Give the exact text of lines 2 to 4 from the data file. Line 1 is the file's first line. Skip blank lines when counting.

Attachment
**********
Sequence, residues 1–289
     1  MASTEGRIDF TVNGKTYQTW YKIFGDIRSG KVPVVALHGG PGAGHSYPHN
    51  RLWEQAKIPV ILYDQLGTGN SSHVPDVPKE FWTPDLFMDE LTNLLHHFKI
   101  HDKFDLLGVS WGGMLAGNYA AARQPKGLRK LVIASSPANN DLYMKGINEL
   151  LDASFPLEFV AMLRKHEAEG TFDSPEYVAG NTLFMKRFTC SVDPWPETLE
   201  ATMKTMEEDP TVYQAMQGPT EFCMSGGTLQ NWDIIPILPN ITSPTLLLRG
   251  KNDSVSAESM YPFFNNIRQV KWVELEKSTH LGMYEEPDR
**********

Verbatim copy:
     1  MASTEGRIDF TVNGKTYQTW YKIFGDIRSG KVPVVALHGG PGAGHSYPHN
    51  RLWEQAKIPV ILYDQLGTGN SSHVPDVPKE FWTPDLFMDE LTNLLHHFKI
   101  HDKFDLLGVS WGGMLAGNYA AARQPKGLRK LVIASSPANN DLYMKGINEL